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|Survival and PN Dependence in SBS Patients|
Following is a review of a French study on “Long-term Survival and Parenteral Nutrition Dependence in Adult Patients with the Short Bowel Syndrome” by Messing, et. al., reported in Gastroenterology 1999;117:1043-1050. In France all TPN patients are treated at a few government-established centers. This is advantageous in that the data is thorough (it represents all of the French long-term TPN patients) and patient management is consistent (quality of care is more consistent and therefore plays a less significant role in varying patient outcomes).
The normal length of adult small bowel ranges from 3 to 8 meters (approximately 10 to 25 feet) depending on how it is measured. A patient is described as having SBS if he or she has roughly 150 cm or less of his/her bowel (about 4 to 6 feet).
Characteristics ...............Percentage of Patients
Factors affecting TPN dependency are detailed in the figures below. Figure A shows, as one would expect, how a shorter bowel length increases the probability that the patient will be dependent on TPN. What may surprise some readers, is the importance of the ileocecal valve and in-continuity colon; these factors play a very important role in determining whether a patient will be able to wean from TPN, as shown in Figures B and C.
Messing, et. al, found that most SBS patients able to wean off TPN, do so within 3 to 6 months of initiating the therapy; and 95 percent of the SBS patients who come off TPN, wean within two years. Conversely, 94 percent of the SBS patients who are on TPN for two years, are on indefinitely. Therefore, if you have SBS, and have been on TPN for two years or more, there is only a slim chance you will get off TPN.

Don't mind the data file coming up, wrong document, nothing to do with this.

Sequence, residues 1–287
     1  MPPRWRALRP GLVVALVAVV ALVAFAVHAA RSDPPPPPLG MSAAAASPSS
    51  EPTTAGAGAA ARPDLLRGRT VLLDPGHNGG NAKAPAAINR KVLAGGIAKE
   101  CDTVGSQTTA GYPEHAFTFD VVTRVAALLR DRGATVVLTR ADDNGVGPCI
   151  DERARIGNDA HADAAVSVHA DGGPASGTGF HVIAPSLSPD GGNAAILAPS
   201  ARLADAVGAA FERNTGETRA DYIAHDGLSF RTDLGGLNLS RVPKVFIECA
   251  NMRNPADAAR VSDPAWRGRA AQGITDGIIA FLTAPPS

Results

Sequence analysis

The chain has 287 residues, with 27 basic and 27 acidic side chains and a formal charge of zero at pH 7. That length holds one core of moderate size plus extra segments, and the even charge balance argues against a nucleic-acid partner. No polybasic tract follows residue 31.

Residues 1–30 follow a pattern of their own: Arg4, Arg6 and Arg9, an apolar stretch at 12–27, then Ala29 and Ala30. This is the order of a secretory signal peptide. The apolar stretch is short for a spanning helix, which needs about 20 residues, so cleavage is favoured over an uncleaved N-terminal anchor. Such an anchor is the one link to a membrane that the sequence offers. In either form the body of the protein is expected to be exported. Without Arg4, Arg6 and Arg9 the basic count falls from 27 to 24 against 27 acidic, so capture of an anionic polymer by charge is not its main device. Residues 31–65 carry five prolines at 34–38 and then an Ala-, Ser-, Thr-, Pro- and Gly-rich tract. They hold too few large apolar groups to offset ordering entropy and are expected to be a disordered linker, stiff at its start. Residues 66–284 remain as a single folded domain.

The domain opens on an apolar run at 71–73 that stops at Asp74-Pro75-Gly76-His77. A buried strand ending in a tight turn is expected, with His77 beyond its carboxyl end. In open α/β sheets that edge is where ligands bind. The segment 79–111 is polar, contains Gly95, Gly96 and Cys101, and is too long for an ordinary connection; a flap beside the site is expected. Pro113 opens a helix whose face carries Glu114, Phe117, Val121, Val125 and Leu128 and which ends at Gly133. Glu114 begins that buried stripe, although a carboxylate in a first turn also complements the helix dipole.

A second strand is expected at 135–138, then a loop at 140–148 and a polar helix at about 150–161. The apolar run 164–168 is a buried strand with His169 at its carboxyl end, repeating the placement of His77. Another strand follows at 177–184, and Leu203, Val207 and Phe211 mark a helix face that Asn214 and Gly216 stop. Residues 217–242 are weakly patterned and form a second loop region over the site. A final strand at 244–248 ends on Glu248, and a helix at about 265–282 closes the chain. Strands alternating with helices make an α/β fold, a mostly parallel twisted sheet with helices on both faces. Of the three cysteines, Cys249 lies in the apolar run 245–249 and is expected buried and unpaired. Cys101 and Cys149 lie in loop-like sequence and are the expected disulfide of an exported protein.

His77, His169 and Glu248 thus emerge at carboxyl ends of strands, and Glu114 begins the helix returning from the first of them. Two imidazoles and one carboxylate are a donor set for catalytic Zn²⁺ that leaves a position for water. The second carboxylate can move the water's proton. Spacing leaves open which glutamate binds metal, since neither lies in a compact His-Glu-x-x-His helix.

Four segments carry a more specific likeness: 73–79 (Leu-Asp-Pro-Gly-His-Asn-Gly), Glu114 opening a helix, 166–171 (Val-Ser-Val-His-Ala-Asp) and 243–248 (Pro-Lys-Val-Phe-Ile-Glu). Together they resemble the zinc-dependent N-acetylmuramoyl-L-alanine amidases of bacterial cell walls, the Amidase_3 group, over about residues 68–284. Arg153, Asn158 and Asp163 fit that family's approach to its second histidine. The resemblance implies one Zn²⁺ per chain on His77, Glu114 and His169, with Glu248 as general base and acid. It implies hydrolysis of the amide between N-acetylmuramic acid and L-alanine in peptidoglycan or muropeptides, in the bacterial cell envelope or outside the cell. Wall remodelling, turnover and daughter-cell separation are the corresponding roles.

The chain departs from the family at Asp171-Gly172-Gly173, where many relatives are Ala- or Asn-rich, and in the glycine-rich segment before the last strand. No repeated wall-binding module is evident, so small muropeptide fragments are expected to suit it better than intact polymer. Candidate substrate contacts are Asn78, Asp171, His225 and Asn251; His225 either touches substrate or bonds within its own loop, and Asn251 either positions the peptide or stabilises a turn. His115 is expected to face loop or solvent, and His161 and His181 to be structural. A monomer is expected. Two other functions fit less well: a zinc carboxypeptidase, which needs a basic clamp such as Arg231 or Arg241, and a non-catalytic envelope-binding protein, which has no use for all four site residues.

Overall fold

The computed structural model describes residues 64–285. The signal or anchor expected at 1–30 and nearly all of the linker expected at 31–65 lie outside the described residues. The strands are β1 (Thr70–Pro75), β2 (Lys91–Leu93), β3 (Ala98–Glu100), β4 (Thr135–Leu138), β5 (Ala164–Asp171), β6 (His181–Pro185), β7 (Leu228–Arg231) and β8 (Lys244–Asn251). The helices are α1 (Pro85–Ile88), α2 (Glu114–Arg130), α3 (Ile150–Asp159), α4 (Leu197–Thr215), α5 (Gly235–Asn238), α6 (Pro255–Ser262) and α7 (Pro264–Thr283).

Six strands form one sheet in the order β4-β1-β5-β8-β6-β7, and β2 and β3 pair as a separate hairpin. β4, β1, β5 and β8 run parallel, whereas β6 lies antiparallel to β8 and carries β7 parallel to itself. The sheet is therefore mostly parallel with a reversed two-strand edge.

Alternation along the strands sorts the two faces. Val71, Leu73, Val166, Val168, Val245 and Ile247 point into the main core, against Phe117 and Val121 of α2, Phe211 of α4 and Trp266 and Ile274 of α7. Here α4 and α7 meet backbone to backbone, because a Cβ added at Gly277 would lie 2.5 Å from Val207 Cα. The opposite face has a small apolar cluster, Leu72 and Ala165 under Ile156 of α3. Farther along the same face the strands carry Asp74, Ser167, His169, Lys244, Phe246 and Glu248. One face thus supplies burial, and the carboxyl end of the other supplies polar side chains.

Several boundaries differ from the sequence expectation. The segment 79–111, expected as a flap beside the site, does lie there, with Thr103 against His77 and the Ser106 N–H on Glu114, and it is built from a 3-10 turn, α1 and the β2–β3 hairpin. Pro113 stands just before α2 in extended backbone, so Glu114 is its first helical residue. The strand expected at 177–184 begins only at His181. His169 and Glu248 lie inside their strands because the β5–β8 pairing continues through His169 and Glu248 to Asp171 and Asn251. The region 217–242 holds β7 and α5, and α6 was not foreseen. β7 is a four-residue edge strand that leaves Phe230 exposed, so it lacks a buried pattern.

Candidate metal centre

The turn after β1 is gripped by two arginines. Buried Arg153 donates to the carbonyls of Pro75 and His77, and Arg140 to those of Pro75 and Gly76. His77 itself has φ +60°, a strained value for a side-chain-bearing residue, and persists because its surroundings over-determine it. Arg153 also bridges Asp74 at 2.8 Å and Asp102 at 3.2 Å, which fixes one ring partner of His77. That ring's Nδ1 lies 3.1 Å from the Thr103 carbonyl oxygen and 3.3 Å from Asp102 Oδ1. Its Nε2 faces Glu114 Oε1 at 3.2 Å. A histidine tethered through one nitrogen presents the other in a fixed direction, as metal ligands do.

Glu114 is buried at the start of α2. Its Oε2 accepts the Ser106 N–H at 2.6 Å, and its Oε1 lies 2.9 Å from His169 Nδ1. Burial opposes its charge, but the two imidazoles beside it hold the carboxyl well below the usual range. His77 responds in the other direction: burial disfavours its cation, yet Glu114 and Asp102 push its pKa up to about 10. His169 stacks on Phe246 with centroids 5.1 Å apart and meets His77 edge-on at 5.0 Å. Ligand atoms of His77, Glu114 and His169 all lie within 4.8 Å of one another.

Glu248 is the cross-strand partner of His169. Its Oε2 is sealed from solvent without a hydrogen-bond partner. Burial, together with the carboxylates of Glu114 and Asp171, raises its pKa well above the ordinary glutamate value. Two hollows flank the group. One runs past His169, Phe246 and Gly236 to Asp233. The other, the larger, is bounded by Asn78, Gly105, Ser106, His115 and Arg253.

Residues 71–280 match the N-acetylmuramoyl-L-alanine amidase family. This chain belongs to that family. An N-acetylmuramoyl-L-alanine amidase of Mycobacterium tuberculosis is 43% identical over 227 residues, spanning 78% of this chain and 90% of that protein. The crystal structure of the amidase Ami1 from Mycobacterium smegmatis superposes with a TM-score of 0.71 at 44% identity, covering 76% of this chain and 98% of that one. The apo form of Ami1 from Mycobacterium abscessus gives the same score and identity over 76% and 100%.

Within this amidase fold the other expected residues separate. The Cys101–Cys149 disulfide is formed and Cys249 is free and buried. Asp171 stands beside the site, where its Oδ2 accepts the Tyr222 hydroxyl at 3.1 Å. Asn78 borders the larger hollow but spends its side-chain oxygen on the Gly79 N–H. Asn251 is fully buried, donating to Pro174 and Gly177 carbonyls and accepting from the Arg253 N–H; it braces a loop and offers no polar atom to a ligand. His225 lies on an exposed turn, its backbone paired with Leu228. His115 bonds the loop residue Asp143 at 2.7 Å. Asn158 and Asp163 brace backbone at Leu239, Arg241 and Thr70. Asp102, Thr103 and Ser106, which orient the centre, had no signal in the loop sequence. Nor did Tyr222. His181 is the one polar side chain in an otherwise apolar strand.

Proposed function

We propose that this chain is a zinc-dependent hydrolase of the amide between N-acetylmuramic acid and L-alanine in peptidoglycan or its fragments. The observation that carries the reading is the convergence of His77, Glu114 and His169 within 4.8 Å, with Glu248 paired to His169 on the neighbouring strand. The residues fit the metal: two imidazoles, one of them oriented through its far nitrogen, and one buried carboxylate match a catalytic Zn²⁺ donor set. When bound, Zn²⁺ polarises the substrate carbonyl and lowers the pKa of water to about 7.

Factors that lower an SBS patient’s chance of survival include having an end-enterostomy (usually an end-jejunostomy) and less than 50 cm of remaining bowel. An arterial infarction as the cause of SBS, was also associated with lower survival rates.
The authors found no significant correlation between dependency on TPN and mortality; they concluded TPN is not likely to kill the patient. (It is typically the patient’s underlying diagnosis or lack of bowel that leads to death.) Likewise, age did not significantly affect an SBS patient’s chance of survival.
The authors conclude that a two-year TPN limit may serve as a useful predictor, distinguishing adult SBS patients with a short-term need for TPN from those who are most likely to be permanently dependent on the therapy.
2/18/2017 » 2/21/2017
Oley exhibit at A.S.P.E.N.'s Clinical Nutrition Week
Oley Regional Conference